ISTANBUL—On the eve of the centennial of the Armenian Genocide, Turkish and Armenian-American organizations, assembled with record-breaking number of Diaspora Armenians from around the world, called on the Turkish government to recognize the truth of the historic events, issue an unequivocal apology, and move towards accountability and reparations, DurDe and Project 2015 said Tuesday at a press conference in Istanbul. The concerted campaign by Ottoman leaders a century ago resulted in the deaths and exile of the vast majority of their Armenian citizens, but successive Turkish governments have failed to recognize or take responsibility for the deliberate and systematic mass extermination of the ethnic group.
“We have come together with Armenians from around the globe with a single, unified message to the Turkish government: recognize the genocide, so we can move forward on a project of reconciliation,” said Levent Sensever of DurDe. “Whatever the position of our government, we want the world to know that many citizens of Turkey recognize the truth about the terrible crime against Armenians, and to pay our respects to the victims and the survivors.”
The groups have been working with a number of other organizations in Turkey and Europe for the past two years to coordinate the participation of Armenians from around the world in centennial commemoration events in Istanbul, including some of the following events.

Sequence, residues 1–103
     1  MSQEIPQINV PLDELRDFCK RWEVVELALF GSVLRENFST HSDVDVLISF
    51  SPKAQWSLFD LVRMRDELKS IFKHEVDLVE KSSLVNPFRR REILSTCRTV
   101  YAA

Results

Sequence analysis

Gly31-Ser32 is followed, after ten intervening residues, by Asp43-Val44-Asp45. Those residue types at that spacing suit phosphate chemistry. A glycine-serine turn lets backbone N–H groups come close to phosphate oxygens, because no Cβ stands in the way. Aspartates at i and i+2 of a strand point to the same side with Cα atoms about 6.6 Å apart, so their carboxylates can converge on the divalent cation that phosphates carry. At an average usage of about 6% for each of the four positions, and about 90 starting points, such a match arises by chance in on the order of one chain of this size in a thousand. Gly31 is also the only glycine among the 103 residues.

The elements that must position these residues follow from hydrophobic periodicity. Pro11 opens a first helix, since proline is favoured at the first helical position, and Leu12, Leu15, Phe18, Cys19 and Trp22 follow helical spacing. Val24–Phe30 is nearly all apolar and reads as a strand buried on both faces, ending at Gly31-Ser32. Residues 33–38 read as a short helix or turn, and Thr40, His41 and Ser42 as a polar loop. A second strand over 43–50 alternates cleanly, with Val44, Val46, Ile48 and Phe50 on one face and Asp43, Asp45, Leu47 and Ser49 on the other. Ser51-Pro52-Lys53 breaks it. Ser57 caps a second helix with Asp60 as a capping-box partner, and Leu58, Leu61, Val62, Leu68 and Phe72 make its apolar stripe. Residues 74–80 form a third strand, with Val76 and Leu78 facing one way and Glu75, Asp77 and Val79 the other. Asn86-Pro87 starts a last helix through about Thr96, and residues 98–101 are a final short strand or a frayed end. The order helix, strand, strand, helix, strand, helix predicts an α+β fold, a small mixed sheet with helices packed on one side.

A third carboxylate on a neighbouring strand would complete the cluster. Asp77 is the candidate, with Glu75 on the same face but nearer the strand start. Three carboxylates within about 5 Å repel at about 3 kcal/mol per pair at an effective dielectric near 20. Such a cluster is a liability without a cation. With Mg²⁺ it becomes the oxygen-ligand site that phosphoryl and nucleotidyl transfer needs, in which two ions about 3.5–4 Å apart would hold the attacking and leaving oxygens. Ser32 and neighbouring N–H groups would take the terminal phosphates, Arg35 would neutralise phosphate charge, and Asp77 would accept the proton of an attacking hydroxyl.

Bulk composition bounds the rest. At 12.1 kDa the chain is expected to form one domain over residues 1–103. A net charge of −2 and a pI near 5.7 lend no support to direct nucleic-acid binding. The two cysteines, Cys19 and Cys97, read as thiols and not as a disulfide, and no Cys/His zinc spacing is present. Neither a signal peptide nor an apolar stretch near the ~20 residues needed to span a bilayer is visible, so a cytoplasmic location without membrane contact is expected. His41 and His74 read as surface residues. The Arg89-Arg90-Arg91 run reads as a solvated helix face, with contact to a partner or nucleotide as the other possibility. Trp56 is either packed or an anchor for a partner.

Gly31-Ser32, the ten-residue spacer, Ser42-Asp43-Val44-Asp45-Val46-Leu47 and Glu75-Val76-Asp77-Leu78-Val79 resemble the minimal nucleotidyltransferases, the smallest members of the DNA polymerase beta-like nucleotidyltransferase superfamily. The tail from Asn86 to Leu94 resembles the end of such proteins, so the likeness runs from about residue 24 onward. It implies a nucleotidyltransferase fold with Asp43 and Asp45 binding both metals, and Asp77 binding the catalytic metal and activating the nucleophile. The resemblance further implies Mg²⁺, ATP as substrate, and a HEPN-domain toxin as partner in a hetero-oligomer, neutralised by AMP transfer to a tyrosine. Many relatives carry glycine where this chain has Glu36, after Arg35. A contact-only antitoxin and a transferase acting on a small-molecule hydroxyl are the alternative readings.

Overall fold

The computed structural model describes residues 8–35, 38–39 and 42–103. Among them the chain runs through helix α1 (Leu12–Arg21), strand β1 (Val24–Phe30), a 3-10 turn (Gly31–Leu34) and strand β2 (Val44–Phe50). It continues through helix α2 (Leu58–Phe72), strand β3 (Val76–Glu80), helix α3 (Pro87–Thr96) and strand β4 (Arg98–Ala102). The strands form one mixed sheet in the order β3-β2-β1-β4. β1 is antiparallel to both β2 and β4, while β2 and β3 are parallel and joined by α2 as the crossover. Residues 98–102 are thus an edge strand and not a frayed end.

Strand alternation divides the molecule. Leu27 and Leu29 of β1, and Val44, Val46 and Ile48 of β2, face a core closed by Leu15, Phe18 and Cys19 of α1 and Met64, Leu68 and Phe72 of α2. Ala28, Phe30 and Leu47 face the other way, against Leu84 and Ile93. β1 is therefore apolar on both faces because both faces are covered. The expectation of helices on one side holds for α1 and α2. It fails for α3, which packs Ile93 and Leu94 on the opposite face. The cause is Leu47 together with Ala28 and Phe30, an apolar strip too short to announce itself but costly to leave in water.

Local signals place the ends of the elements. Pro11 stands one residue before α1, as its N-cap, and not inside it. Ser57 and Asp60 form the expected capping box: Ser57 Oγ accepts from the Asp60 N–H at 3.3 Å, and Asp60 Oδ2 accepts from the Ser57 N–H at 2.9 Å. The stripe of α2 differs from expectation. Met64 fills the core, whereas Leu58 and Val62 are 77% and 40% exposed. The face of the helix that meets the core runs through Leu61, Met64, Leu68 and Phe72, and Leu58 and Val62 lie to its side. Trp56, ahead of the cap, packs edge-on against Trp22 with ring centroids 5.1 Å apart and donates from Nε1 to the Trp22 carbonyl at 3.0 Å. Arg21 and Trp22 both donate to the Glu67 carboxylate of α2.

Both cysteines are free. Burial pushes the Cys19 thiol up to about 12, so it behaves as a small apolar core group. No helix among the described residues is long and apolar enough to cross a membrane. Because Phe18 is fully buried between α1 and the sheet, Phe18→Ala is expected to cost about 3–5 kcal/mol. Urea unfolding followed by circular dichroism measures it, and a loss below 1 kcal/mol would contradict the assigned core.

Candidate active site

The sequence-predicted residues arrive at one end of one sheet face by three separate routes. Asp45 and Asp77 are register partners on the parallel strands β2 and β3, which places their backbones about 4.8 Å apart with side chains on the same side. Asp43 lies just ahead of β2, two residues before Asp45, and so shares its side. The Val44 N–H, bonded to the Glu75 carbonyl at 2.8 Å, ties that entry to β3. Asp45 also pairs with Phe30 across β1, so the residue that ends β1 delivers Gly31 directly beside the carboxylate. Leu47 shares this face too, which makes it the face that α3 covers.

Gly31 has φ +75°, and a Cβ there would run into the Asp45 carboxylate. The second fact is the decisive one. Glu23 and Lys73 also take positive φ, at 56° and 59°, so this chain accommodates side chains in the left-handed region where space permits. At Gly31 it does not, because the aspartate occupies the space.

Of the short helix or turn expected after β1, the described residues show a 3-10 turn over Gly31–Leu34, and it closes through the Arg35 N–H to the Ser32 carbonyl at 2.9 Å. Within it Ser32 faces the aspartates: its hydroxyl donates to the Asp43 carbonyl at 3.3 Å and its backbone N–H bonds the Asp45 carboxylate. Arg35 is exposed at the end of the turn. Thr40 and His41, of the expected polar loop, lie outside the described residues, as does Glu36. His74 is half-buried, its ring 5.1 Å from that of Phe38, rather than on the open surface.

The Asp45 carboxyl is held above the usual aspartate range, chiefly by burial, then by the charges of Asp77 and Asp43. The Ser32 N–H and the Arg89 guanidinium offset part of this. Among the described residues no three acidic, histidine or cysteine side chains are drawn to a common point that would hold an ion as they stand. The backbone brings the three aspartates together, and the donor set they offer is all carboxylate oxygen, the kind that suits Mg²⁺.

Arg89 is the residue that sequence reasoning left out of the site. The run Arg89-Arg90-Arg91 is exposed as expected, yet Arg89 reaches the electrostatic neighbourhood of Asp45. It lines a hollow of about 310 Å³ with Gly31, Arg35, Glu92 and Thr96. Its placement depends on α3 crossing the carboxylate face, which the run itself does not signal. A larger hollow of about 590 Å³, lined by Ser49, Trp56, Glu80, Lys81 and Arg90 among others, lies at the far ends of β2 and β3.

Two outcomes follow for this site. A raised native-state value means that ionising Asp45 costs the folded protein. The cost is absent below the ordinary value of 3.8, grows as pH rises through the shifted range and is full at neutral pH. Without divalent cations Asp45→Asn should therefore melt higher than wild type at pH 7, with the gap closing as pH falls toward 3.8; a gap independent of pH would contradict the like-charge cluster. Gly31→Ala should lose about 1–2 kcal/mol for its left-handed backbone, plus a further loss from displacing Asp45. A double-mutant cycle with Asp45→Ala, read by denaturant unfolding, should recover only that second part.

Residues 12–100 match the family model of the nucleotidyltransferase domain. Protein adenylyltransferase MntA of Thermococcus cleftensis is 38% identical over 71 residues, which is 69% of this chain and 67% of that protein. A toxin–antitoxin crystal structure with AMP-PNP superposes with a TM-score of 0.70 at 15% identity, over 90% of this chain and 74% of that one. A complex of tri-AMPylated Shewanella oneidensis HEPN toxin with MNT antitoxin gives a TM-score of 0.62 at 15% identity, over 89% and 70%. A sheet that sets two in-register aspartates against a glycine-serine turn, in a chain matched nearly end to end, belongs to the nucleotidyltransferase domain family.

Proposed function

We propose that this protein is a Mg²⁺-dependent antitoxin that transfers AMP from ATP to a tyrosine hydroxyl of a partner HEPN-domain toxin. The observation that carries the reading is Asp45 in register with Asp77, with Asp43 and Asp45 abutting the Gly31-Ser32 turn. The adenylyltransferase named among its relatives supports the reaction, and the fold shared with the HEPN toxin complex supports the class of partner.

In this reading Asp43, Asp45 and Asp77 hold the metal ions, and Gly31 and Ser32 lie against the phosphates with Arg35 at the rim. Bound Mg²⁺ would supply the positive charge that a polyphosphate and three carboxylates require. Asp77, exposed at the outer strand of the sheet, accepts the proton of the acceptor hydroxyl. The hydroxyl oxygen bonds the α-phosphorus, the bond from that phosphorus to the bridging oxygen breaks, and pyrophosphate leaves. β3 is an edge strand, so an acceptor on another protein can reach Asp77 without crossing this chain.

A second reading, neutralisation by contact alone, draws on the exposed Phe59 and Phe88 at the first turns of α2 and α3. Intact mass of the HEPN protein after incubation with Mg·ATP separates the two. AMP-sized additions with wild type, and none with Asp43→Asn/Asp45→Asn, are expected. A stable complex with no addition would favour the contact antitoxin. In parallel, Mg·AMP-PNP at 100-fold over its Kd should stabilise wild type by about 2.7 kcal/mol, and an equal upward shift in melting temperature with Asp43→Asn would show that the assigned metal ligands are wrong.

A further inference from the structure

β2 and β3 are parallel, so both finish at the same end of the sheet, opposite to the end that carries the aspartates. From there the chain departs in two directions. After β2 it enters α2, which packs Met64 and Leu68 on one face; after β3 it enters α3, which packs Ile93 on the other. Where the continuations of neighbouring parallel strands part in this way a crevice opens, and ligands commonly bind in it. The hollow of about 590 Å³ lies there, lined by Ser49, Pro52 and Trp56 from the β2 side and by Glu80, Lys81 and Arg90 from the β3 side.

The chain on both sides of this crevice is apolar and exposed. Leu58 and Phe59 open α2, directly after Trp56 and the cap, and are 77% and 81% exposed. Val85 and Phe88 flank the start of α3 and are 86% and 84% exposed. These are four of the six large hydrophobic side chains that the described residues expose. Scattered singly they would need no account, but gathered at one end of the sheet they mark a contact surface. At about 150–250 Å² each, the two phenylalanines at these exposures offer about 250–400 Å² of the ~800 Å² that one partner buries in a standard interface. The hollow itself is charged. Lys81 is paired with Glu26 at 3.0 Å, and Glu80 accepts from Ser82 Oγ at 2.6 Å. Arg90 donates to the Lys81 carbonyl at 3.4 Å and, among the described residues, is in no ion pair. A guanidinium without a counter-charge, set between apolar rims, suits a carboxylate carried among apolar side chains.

-Concert at the Istanbul Congress Center on April 22;
-Public assembly near Taksim Square on the evening of April 24, as well as the decoration of a Wishing Tree in the square;
-Events at Sultanahmet Square and Haydarpașa Station, where Armenians were rounded up, imprisoned and deported;
-Memorial service at Șişli Armenian Apostolic Cemetery, where Sevag Şahin Balikçi is buried; Balikçi was an Armenian soldier serving in the Turkish military who was murdered by a Turkish soldier on April 24, 2011; and
-An academic conference on the Armenian Genocide sponsored by UCLA and Istanbul’s Tarih Vakfi (History Foundation), convening at Boǧaziçi University on April 26.
Project 2015 has assembled a record-breaking delegation of almost 200 Armenians from around the world to participate in the commemoration events. Project 2015’s participants include nationals from 15 countries, including Armenia, the United States, Canada, France, the United Kingdom, Germany, The Netherlands, Belgium, Italy, Hungary, Burundi, the United Arab Emirates, Lebanon, Turkey, Israel, Brazil, Ethiopia, and Hong Kong (China).
“As Armenians, we have come to Istanbul in record numbers to memorialize the brutal massacre of our family members, and to remind the Turkish government that 100 years later, we are still seeking justice and accountability, and will continue in our quest as long as it takes,” said Sarah Leah Whitson, board member of Project 2015. “We are heartened to see so many citizens of Turkey ready to face this country’s past and look now to the government to come to terms with an undoubtedly difficult and painful truth.”
The groups urged representatives of the international community to attend the commemoration events organized in Istanbul on April 24.
“We have invited governments and non-governmental organizations alike to join us for this historic centennial of what is a global tragedy and a crime against humanity,” said Whitson. “Governments sending representatives to the Gallipoli commemoration should in particular ensure that they also send representatives to the Armenian Genocide commemoration in Istanbul.”